This money would be more than symbolic – it could be the means for beginning the restoration of the fortunes of a minority that has been long oppressed. This is fair – because the effects of slavery are felt today.

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No

In effect, this is an argument for aid – and aid should be given based on current need, not past events. Anyway, a system abolished before anyone in the USA was born cannot be said to be responsible for the problems facing African-Americans today.

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Argument #7

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Yes

This isn’t about victimhood or singling out a particular minority for special charitable treatment – this is money owed, and money people are entitled to. It is not the causing of a division, but rather the healing of a still-open wound. That supposed symbol of freedom and liberty, the US Capitol building was constructed by slaves. How can African-Americans truly feel part of the free society and democracy in which they live until this wrong is publicly admitted and righted?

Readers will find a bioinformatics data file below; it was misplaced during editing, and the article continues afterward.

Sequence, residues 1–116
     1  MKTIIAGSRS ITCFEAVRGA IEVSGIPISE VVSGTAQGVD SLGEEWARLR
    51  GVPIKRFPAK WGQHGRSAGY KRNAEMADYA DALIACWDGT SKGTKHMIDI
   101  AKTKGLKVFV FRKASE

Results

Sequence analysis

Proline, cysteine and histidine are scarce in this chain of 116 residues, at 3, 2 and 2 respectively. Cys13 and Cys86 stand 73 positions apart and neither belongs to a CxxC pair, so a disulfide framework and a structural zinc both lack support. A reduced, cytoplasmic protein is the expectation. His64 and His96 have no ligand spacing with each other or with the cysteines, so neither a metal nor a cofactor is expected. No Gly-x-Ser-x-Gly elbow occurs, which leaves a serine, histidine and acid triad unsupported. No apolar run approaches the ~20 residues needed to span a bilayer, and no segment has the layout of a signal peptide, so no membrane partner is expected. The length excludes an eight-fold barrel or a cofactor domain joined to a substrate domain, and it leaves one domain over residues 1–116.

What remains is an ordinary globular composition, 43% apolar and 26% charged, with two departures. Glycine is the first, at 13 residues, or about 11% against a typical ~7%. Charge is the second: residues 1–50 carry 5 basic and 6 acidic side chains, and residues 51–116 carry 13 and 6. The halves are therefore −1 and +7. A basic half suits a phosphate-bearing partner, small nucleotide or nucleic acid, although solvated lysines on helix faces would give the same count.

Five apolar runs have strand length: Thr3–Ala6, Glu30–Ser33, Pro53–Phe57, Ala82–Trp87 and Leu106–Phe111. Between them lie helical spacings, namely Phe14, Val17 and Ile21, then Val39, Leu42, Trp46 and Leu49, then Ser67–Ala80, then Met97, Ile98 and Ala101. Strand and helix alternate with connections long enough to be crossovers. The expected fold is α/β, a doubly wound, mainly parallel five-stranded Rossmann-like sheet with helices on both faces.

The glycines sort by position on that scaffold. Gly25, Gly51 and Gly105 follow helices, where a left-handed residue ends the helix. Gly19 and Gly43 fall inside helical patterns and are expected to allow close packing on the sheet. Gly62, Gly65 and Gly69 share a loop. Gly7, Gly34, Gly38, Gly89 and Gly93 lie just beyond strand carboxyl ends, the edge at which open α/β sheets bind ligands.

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No

It is divisive to push an agenda that suggests that African Americans are still so different that they can and should be singled out. Why encourage those that weren’t born at the time of slavery to see themselves as victims in a society that actually offers them huge opportunities? Why suggest that whites should feel responsible for the actions of long dead whites (ancestors or not)? The proposal encourages racial stigma and groupthink ghettoisation. It is racist to suggest that people owe others money simply because they were born a particular colour. We should be looking beyond race. We should forgive and forget. This discussion drags us back to old problems, opens old wounds, and makes racial divisions and tensions more likely.